E-tutoring is regarded as one of the ways of facilitating interaction between students and the teaching staff with the aim of providing student support in an Open Distance Learning (ODL) environment. When Unisa, where this study was conducted, introduced an integrated model of student support in 2013, I was appointed as an e-tutor for one of the modules in the Department of English Studies. At the time I observed that there was minimal interaction between the e-tutors and the lecturers of this module. Previous studies have reported that students as well as e-tutors in an ODL environment often feel disconnected, isolated and demotivated (Mashile & Matoane, 2012, as cited in Joubert & Snyman, 2018).
When I joined the University as a full-time lecturer at the end of 2018, I became interested in investigating the interaction between e-tutors and lecturers involved in the Academic Language and Literacy in English module (ENG1503) as I believed that this would impact positively on the students’ success and also contribute to minimising the distance between the teaching staff and the students. Available studies focus on the interaction between e-tutors and students, but none so far have paid attention to the interaction between e-tutors and lecturers.
To unpack the interaction between e-tutors and lecturers the following research questions were explored in the research:
All research needs to be underpinned by theory. In fact, Silverman (2000) says the following: “Without theory, research is impossibly narrow, without research, theory is mere armchair contemplation”. In order to address the research questions of this study the Community of Inquiry was the lens through which the interaction between e-tutors and lecturers was viewed. This framework was considered suitable for the study because it emphasises the social constructivist theory which views learning as an active and constructive process in which a learner actively constructs their own reality through interaction with objects, events, and people in the environment (Bhattacharjee 2015, as cited in Caga & Skhephe, 2019, p. 139).
Recently many researchers in ODL highlighted the importance of a Community of Inquiry in online learning spaces. Anderson & Garrison (1997), and Moore (1989), as cited in Garrison & Cleveland- Innes (2005), state that a CoI must include various combinations of interaction among content, teachers, and students. In the view of Garrison and Akyol (2013) the CoI theoretical framework represents a process of creating a deep and meaningful (collaborative-constructivist) learning experience through the development of three interdependent elements – social presence, cognitive presence and teaching presence. Social presence has to do with the affective or emotional wellbeing of an individual. Lowenthal and Lowenthal (2010) explain this as the ability of people to present themselves as “real people” through a communication medium. Cognitive presence is the ability to construct and confirm meaning through sustained reflection (Anderson et al. 2001, as cited in Fiock 2020, p. 19). The third pillar, teaching presence, is concerned with the design, facilitation and direction of cognitive and social presences to support learning (Garrison & Arbough, 2007, as cited in Fiock 2020, p. 19). These are crucial pillars for providing support in an online environment as it puts the learners at the centre while also affording them the opportunity to construct meaning with their peers, their lecturers and the e-tutors in the case of the Unisa situation. In the view of Saadatmand et al. (2017, as cited in Mare & Mutezo, 2021, p. 166) the CoI framework considers learning in an online environment which requires learners to be actively engaged with the instructor, other learners and content to achieve meaningful and deep learning. E-tutors therefore play a role in providing learners with a platform to construct meaning through interaction with them about the content; they also play a social learning role by creating a student-friendly social environment conducive to interactive learning and helping students to overcome feelings of isolation and lack of motivation (Mare & Mutezo, 2021).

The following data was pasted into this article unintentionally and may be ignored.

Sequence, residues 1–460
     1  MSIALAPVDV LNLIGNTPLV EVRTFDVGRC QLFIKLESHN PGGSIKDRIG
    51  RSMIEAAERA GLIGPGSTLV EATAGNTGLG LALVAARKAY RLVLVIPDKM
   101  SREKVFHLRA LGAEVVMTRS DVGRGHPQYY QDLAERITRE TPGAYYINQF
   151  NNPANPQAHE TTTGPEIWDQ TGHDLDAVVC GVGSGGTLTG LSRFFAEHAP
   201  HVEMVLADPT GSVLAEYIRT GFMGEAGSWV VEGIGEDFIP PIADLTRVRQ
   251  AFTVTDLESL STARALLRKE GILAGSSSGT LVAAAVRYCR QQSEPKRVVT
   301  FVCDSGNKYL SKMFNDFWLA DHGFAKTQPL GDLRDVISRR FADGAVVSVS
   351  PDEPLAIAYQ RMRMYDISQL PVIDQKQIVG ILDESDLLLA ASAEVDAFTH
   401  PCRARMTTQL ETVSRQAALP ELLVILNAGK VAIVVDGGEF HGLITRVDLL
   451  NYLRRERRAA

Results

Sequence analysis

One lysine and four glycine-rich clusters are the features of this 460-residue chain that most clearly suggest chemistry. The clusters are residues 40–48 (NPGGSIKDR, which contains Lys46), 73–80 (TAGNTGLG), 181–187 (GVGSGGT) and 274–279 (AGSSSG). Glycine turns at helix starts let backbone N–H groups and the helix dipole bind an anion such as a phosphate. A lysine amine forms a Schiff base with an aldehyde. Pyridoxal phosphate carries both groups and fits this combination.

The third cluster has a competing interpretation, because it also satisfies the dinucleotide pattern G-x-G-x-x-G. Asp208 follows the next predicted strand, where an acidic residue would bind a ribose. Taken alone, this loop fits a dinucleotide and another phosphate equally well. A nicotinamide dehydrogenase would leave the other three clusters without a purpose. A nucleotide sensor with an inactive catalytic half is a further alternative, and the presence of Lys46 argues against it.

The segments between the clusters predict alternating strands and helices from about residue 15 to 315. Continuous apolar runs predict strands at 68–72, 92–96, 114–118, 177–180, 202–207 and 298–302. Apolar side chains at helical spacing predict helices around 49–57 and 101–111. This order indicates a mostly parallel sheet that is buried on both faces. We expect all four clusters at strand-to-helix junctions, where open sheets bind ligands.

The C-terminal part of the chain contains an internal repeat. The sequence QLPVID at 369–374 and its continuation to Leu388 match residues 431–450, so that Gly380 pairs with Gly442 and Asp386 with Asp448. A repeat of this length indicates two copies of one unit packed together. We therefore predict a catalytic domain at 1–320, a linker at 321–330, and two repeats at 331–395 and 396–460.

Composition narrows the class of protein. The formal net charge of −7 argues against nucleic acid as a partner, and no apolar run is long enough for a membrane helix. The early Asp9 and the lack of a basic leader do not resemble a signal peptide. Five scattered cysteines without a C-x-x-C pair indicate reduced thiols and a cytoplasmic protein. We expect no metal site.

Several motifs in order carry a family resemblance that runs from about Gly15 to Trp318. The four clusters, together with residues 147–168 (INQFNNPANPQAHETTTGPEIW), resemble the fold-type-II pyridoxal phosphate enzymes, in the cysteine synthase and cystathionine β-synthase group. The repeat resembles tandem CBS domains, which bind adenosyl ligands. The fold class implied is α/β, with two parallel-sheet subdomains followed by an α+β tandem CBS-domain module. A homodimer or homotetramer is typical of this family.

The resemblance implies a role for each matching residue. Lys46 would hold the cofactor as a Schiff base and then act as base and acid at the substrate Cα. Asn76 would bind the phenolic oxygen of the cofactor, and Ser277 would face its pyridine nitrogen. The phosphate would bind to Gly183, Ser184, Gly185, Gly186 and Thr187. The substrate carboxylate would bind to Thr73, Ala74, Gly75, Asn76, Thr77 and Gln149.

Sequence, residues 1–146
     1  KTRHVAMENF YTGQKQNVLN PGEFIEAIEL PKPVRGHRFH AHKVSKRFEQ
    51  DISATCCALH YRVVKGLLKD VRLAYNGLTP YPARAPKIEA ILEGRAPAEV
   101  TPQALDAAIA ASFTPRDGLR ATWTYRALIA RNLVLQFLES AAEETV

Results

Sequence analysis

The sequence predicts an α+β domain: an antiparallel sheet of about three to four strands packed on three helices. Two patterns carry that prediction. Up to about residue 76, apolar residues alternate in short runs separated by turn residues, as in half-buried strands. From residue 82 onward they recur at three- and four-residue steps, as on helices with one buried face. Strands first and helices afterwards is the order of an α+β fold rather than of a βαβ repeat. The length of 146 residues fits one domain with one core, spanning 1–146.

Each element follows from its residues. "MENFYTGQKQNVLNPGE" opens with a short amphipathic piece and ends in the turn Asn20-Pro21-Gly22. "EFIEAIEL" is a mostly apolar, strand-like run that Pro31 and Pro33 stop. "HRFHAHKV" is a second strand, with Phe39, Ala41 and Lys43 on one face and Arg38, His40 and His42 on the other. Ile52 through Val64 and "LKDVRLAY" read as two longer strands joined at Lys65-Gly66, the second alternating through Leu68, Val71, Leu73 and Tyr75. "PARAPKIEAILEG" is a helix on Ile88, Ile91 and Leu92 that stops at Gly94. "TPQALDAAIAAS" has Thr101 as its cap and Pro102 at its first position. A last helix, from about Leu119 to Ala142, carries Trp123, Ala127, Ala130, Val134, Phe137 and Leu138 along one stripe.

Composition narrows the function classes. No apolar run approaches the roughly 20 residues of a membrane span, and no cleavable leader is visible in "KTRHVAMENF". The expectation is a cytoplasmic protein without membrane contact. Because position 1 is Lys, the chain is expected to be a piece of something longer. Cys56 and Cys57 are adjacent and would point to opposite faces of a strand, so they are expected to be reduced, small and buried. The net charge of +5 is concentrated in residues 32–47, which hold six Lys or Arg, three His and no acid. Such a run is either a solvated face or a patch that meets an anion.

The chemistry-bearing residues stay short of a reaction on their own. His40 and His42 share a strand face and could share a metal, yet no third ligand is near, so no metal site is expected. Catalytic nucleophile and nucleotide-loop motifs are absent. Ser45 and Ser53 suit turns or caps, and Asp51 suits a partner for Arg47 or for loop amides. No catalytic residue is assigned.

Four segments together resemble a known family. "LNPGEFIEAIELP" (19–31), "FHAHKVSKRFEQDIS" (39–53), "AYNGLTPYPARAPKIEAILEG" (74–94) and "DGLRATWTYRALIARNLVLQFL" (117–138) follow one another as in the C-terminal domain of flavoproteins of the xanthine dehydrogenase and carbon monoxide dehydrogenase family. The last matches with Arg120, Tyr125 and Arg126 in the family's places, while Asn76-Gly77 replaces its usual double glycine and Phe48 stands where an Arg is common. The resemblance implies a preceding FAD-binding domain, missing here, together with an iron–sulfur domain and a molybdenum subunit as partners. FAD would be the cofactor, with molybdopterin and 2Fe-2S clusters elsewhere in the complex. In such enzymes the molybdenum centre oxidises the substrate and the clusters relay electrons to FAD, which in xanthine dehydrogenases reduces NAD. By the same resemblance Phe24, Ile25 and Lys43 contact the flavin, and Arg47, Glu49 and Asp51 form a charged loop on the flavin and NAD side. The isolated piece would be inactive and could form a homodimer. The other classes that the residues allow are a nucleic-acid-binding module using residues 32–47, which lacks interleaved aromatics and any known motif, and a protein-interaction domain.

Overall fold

When one looks at the situation of e-tutors at Unisa, it is clear that they are crucial role players within the Community of Inquiry framework as they are expected to provide the three presences as articulated in Figure 1.
The key aspect of the CoI framework is to put the learners at the centre by providing them with an educational experience in a collaborative environment with lecturers, e-tutors and other peers. It remains a concern that interaction between e-tutors and lecturers seems to be lacking as this may affect the students’ educational experience in a negative way.
Currently academics in the English Studies modules are not directly involved in the e-tutor appointments. The University sets out the recruitment criteria and the appointments are handled by the Tutorial Services, Discussion Classes and Work Integrated Learning (TSDL) Directorate. The primary lecturer for the module receives CVs from TSDL seeking approval. According to advertisements for 2020/2021 e-tutors, the minimum requirement is an honours bachelor’s degree in the subject concerned. Kiran et al. (2012, as cited in Mare & Mutezo, 2021, p. 169) emphasise the importance of appointing an e-tutor who is also a practitioner or specialist in a specific subject area. In some disciplines a bachelor’s degree is acceptable. In terms of e-tutor duties and responsibilities the following have been set out by the University of South Africa as per advertisement by the College of Human Sciences (2019):